Monday, June 11, 2012

'Appeal to the Cat' Argumentation

I've been thinking about a little argumentation technique my wife and I have developed which I want to recommend.

I call it, "The Appeal to the Cat," and it works like this:

Let's say you and your spouse (or friend, or whomever) get in a "discussion" which is on the edge of becoming tense. It goes somethig like this ...

"Are you going to pick up your socks someday?" she says.

"I pick up my socks!" you reply.

"Really? What do you call those?"

At this point she directs your attention to socks on the floor which you cannot by any reasonable argument make out to be anybody's socks but your own.

Hmm. You know the Christian thing would just be to admit you are wrong, say "Sorry," and pick up the socks, but you are still feeling a bit feisty and are unwilling to humble yourself. So, enter the cat, Archie.

"Well," you say, "Archie told me it was okay."


"Yeah, he said the blue of the socks goes nicely with the tan color of the rug."

At this point she gets that it's a joke, and plays along.

"I don't believe Archie said that! All he ever says is 'meow.'"

"Yeah, but in cat-talk that means it's okay to leave my socks on the floor."

"Well, you need to straighten out Archie on that. And tell him the colors don't match."

Turning to the cat, you shake your finger and say, "Archie, did you hear that? No socks on the floor!"

Turning back to her as you pick up the socks, you sigh and say, "I'm always having to pick up after that cat!"

So, what could have turned into a fight ending in hard feelings becomes a joke, and the problem solved.

Will this work if you just blew $25,000 on the stock market? Uh, probably not; just for little things.

Also, you may be asking, "Does this technique also work with dogs?"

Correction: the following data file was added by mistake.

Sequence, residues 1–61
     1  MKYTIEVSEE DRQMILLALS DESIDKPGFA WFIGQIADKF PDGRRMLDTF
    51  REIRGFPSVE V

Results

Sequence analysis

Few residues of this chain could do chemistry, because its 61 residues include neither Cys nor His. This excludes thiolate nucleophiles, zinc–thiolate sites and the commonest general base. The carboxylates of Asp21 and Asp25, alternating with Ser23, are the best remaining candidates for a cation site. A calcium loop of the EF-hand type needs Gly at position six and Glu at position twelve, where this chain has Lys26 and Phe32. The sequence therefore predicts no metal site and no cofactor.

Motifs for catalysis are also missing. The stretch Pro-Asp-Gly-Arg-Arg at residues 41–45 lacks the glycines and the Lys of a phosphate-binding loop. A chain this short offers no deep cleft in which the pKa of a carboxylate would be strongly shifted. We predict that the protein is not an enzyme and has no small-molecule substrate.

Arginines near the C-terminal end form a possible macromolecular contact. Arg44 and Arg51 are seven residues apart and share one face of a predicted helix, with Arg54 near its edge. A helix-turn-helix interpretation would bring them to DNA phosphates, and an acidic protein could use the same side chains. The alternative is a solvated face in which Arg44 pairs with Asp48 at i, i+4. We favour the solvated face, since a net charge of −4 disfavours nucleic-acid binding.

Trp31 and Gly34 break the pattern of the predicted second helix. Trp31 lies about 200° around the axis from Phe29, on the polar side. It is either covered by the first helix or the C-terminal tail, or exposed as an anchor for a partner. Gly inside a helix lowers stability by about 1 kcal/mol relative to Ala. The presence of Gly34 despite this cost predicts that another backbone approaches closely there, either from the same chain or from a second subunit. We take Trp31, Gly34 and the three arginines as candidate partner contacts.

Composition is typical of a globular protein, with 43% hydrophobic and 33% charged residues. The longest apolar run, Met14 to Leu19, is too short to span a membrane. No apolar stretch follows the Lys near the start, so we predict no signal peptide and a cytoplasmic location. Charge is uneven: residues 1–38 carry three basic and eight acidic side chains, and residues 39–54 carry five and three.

Hmm. I dunno. Give it a try.

Sunday, June 03, 2012

In a Faith Denying Environment, Should I Go or Stay?

At my Bible study group recently, the topic came up of a woman who attends a spiritually dead church who had come to know Christ. Someone in our group asked if she should leave that church or stay, and everybody said she should stay.

The reasonable logic was that Christ calls us to be a witness to the world (in this instance, to her very-dead church), and not to withdraw into our own little huddle.

True, very true ...

And yet in retrospect I think that answer is inadequate. I think a proper answer depends on the person.

Are you at least standing firm in your faith in a faith-disparaging environment? Better yet, are you reaching out with the love of Christ in that environment?

If so, it is probably a great thing for you to stay. If you are an evangelist, by all means be one!

Or, do you find yourself hiding your faith and being a bit evasive if people ask about it? ("Well, yeah, sometimes I go to church on Sunday. It's kind of something my Mom expects.")

If so, are you going to change? If you can't honestly say you will change then you should probably get out. For the time being, at any rate, you need a more supportive environment. And I am not just talking about getting out of a dead church. I am talking about getting out of a job, a neighborhood, a city, or any other negative environment.

If you become a just one more worldly Christian then you become just one more reason for the world to despise Christ.

And yes, even if you get out of a destructive environment and into a good one, like my Bible study friends say, you are still called upon to reach out! But if you read the very short Third Letter of John in the New Testament you will find John says (vs 8) that those who support Christian workers are "fellow-workers with the truth." So, do your outreach by supporting a missionary, by giving to Christian relief organizations, by supporting an inner-city outreach, or just by being like Tabitha (Acts 9), who helped the poor by sewing clothes.